2004 Spring Electromagnetism

1. [33 points total] The figure below shows an elevator at rest in a gravitational field of strength such that objects fall freely with acceleration g. Inside of the elevator there is a balance with two arms of equal length. An iron cube (density $\rho_{Fe}$) of mass $M_{Fe}$ is hanging from the left arm by string of negligible mass and is submerged in water (density $\rho_{H_2O}$). On the other side of the balance there is an object of mass $M_c$. You may neglect the effects of atmosphereic pressure and surface tension.

A. [5 points] What is the total force exerted by the liquid on the iron cube?

Greg’s Solution:

The force is equal to the amount of water displaced by the cube,

\begin{align} F = \rho_{H_2O} V_{H_2O} g = \frac{\rho_{H_2O}}{\rho_{Fe}} M_{Fe} g \end{align}

B. [12 points] Give $M_c$ in terms of $M_{Fe},\rho_{Fe},\rho_{H_2O}$ for the balance to be in equilibrium.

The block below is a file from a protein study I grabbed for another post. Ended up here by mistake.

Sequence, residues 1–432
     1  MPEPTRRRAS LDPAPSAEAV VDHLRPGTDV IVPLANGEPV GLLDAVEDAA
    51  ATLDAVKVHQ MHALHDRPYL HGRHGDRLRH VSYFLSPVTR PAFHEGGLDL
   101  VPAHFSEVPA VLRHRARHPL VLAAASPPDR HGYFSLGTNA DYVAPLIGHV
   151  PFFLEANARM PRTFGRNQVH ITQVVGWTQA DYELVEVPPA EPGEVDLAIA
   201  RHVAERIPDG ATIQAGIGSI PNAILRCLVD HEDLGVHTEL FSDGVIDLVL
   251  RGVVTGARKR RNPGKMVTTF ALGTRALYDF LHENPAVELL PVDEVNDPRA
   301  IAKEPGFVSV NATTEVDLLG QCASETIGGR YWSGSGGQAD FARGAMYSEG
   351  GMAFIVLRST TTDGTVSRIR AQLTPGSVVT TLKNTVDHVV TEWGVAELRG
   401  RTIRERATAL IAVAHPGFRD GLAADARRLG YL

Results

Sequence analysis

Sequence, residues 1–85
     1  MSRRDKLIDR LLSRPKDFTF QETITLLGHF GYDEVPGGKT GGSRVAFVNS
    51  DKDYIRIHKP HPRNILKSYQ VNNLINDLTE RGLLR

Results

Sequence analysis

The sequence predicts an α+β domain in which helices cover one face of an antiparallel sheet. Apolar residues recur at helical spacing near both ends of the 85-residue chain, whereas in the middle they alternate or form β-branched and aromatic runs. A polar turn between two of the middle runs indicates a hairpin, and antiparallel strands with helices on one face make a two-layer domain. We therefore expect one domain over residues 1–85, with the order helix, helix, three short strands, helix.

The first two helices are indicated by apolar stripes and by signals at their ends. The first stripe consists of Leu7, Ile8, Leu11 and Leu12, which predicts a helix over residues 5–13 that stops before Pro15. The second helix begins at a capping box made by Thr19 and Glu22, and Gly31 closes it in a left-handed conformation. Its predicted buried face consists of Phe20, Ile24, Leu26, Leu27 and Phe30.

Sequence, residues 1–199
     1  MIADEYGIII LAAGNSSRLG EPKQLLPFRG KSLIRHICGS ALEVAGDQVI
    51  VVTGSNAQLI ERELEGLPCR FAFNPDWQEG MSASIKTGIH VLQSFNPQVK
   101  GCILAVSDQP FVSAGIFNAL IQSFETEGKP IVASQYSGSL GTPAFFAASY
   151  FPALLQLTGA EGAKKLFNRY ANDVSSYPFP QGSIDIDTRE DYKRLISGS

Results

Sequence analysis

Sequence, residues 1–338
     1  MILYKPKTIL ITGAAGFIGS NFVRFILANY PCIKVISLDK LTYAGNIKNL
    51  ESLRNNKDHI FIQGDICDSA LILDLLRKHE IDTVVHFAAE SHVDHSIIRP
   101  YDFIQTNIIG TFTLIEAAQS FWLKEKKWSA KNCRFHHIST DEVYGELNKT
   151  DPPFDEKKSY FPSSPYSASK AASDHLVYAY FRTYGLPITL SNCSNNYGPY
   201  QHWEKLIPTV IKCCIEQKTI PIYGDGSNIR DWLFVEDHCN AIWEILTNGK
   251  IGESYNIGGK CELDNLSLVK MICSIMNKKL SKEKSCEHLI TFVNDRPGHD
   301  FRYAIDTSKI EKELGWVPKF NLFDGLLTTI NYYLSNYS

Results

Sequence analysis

Greg’s Solution:

The gravitational force acting on $M_c$ is just $M_c g$. We need for this to be equal to the gravitational force on the iron mass minus the buoyant force pushing it up, that is

\begin{align} M_c g = g M_{Fe} - \frac{\rho_{H_2O}}{\rho_{Fe}} M_{Fe} g \quad \Rightarrow \quad M_c = M_{Fe} - \frac{\rho_{H_2O}}{\rho_{Fe}} M_{Fe} \end{align}

C. [16 points] The elevator accelerates downward in the gravitational field with an acceleration $a=g/3$. How does your answer to part A change, if at all?

By the equivalence principle, this is equivalent to changing the amount of gravity felt by the system. Since the gravitational constant does not explicitly appear anywhere in the above equation, we conclude that accelerating the system does not alter the result.

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